Graphs of Olympic proportions!


Everyone in the world has their attention turned towards the Olympics this week, so what better topic to tie in to a SAS/GRAPH blog than that?!?!

I had seen a graph on the guardian website that I thought was interesting, so I decided to try to create my own (slightly different) SAS version...

After a bit of experimentation, I came up with the following (note the map below is just part of it - be sure to click to see the whole/interactive thing!)

bubble map showing what countries Olympic athletes come from

Here's how to use the graph:

When you first view the graph, it shows a map of the world, and the size of the 'bubble' on each country shows the total number of athletes from each country who participated in the 2012 Olympics.  You can hover your mouse over each bubble to see the country name and number of athletes in html hover-text.  You can click a graphic icon along the top of the page, and the map will show just the athletes for that sport (hover over each icon to see the sport name, if you're not sure what it is).  Oh, and there's a bar chart below the map, if you prefer to see the data that way! :)

Here's how the graph was built:

I downloaded the Excel spreadsheet, and used Proc Import to read the data into SAS data sets.  In our SAS world map, I converted the numeric country ids to country names, and then modified a few of the names so they would exactly match the country names in the Olympic data.  I use the %centroid macro to find the center of each country, and then annotate the bubble to represent the number of athletes.  The bar chart is fairly standard, except that I determine how many bars it will have, and set my "goptions ypixels=" based on that number.

The 'clever' part of the graph is the picture/buttons at the top of the page that let you select the desired sport!  These are created by annotating images on a blank Proc Gslide, and associating html drilldowns with each image.  And when I generate the drilldown graphs, I 'obscure' all of the other (non-selected) images with a square of alpha-transparent blue, so that they will visually look un-selected.  This produces a radio-button effect.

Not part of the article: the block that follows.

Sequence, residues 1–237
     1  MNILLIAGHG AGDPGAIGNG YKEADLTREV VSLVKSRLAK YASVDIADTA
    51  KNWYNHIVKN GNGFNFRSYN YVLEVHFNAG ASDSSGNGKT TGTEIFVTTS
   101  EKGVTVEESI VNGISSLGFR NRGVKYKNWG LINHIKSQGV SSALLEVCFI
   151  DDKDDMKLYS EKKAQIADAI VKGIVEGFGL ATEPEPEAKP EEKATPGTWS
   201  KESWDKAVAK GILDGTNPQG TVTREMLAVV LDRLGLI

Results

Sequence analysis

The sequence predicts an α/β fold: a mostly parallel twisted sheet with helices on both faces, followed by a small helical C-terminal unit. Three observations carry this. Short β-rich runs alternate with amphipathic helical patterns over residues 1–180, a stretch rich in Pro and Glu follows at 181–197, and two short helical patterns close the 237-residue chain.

The black background of the png graph images is created using "goptions cback=black;" ... but then I additionally modify the ODS graph style and set the docbg (document background) color to black, so that the entire web page background will also be black.

You can download the code if you'd like to see more details!

What was your favorite event in the Olympics, and how would you like to see the data from that event graphed?



About Author

Robert Allison

The Graph Guy!

Robert has worked at SAS for over a quarter century, and his specialty is customizing graphs and maps - adding those little extra touches that help them answer your questions at a glance. His educational background is in Computer Science, and he holds a BS, MS, and PhD from NC State University.

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  1. very impressive! It seems that your approach is based on the traditional SAS graph framework. Are you considering leverage sg plot?

    • Robert Allison
      Robert Allison on

      I personally prefer using traditional SAS/GRAPH procedures (gplot, gchart, gmap, gslide, and annotate) ... probably because I know them *very* well ... and I only know the basics of the new sg procedures such as sgplot (the new sg procedures are very powerful, and make certain graphs very easy though).

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